Mary Wood: A window on the world | TheUnion.com
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Mary Wood: A window on the world

Other Voices
Mary Wood

When I was six, our family moved to the state of Kansas, therefore much of the history I learned focused on that Midwestern state. The stories I most enjoyed were about early pioneers who took up homesteads on the prairie.

Because there was no timber, they often built soddies, cave-like dwellings which provided shelter.

“Wouldn’t that have been romantic,” I thought, “living far away from everyone else in a cute little place with the man I loved?”

Now, I’m a whole lot older and hopefully wiser. My home these days is on some acreage in Rough and Ready, and is shared by my husband, an old yellow cat, various animals passing through and the birds living in our big oak trees.

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Suddenly our current social distancing didn’t sound quite so bad.

Those early pioneers came to mind this morning as I ate my breakfast and grumbled about social distancing. My meal had been prepared in about five minutes with the help of an electric coffee pot and microwave. Hmm, they probably didn’t have those things in soddies, did they?

Another day of isolation stretched before me as I turned on the radio to check on world news before switching to a favorite music station. Then I paused to put a couple of pieces in the jigsaw puzzle set up on a card table near a sunny window. Windows! Those prairie homes were usually half dug in the ground and used blocks of sod as walls and roof. Hard to put many windows in that kind of construction.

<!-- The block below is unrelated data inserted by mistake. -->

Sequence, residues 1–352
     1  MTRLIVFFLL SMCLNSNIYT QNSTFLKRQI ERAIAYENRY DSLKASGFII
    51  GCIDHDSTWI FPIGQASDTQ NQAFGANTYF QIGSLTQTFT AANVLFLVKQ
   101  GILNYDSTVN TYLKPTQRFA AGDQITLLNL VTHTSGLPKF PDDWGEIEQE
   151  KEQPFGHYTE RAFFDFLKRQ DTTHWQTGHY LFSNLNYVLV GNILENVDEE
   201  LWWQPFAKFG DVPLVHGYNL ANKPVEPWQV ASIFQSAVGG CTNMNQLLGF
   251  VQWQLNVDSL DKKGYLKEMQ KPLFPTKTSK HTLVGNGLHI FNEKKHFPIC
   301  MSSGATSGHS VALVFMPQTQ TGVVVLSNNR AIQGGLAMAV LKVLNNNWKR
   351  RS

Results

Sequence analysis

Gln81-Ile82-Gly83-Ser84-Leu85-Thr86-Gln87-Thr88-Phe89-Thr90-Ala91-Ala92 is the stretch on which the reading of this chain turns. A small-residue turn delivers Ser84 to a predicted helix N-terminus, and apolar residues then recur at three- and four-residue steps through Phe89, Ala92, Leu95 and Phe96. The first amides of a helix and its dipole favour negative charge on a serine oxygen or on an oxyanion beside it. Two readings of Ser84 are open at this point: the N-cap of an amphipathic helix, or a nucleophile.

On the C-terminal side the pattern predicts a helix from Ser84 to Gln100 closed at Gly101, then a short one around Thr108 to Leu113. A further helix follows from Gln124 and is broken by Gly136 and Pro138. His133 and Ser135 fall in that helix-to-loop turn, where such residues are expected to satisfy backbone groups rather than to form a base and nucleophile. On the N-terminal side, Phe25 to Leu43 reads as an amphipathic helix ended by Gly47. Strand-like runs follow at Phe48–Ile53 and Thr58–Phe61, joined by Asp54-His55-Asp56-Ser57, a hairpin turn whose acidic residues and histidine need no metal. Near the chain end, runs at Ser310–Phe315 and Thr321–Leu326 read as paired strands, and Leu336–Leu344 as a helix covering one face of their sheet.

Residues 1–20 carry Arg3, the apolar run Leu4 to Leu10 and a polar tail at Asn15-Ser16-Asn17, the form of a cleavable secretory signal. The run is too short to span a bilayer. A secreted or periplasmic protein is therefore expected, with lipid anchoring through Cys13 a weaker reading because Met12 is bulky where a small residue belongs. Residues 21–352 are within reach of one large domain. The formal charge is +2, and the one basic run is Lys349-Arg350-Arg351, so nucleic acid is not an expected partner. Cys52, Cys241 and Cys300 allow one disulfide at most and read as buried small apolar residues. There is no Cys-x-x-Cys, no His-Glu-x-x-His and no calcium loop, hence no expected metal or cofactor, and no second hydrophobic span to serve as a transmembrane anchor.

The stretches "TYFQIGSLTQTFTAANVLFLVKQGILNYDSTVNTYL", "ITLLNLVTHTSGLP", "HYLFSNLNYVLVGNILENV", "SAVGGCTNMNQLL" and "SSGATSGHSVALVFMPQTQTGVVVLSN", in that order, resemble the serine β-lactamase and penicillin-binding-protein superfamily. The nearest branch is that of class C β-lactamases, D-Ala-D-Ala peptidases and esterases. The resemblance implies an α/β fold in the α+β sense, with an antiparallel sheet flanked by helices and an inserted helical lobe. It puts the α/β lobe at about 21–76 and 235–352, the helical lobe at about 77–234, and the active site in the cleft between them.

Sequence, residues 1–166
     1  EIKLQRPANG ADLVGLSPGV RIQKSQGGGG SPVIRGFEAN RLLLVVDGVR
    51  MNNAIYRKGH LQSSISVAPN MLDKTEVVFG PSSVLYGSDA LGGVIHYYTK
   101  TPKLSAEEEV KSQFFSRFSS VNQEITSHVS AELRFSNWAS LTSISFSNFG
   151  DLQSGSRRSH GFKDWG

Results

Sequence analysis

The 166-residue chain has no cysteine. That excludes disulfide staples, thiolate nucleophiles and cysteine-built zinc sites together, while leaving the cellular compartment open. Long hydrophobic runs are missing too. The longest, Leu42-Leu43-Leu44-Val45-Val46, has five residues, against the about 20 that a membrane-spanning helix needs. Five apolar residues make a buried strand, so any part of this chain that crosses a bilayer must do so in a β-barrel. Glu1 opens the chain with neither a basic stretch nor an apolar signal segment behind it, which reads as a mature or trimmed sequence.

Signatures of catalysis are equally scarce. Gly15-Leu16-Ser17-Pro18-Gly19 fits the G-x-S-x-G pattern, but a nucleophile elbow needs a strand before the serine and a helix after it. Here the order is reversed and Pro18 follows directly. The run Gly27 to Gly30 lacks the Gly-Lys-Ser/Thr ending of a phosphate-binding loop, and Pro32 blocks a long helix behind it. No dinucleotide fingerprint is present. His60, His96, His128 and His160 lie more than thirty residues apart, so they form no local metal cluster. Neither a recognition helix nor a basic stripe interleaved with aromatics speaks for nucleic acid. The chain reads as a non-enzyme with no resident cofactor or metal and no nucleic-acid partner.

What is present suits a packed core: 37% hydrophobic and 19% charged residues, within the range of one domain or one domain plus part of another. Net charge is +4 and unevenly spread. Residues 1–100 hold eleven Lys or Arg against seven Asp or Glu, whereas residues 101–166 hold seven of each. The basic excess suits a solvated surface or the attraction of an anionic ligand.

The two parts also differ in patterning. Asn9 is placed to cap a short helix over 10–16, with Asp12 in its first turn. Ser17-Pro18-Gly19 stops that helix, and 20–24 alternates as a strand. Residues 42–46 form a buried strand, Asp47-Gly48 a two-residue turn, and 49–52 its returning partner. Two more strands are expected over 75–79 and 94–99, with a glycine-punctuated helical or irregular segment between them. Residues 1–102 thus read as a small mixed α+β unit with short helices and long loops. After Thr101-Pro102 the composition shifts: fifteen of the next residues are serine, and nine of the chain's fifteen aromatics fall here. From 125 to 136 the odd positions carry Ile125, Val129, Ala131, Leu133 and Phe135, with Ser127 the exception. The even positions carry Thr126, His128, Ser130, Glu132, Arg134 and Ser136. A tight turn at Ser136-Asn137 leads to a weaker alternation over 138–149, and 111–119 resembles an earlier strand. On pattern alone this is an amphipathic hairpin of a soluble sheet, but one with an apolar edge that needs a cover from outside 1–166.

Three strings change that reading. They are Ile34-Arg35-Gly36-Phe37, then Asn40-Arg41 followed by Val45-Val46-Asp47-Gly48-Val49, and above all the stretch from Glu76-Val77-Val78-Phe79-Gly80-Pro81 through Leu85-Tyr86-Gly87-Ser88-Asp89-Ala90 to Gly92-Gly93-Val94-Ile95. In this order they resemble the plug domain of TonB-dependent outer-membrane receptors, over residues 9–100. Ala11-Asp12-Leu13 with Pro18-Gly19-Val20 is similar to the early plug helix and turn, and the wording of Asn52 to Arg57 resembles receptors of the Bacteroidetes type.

After breakfast, I walked out to get our newspaper, which had been delivered to the box near our home. Guess that was another thing the pioneers didn’t have.

While many are feeling bored and lonely during this time of social distancing, I doubt if pioneer women were bored. They would have been busy gardening, milking, churning, baking, canning and helping with field work. I imagine they were exhausted, but probably not bored.

However, I’m positive they were lonely. Visiting or hearing from friends and family was difficult because farms were far apart and the few existing roads were poor. Now we have telephones, email, snail mail and things that go snap or twitter in our smart phones or computers to help us keep in touch. If we feel lonely, we simply need to pick up or turn on to reach friends all over the world. Wow!

Of course, life in a soddy probably wasn’t lonely when babies came along or when in-laws moved in. Wait a minute, my vision was of a romantic, isolated life with the man of my dreams, not one with crying babies and in-laws living in a tiny, dark isolated hovel. Yikes!

Suddenly our current social distancing didn’t sound quite so bad. I glanced over at the “man of my dreams,” — no, make that “my dreaming man” because he was on the couch working on his morning nap (not to be confused with his afternoon nap). The TV was on and the remote control was clutched tightly in his hand. Somehow, while he slept, the volume had increased and the channel had changed from the rerun he had been watching to a vacuum cleaner infomercial.

At that moment I decide to socially distance myself from him and the living room, feeling blessed that I could go to another room and turn on my computer to check on a few friends and relatives.

Then I went back to my puzzle, but found myself spending more and more time staring outside, very grateful for my beautiful window on the world.

Mary Wood lives in Rough and Ready.


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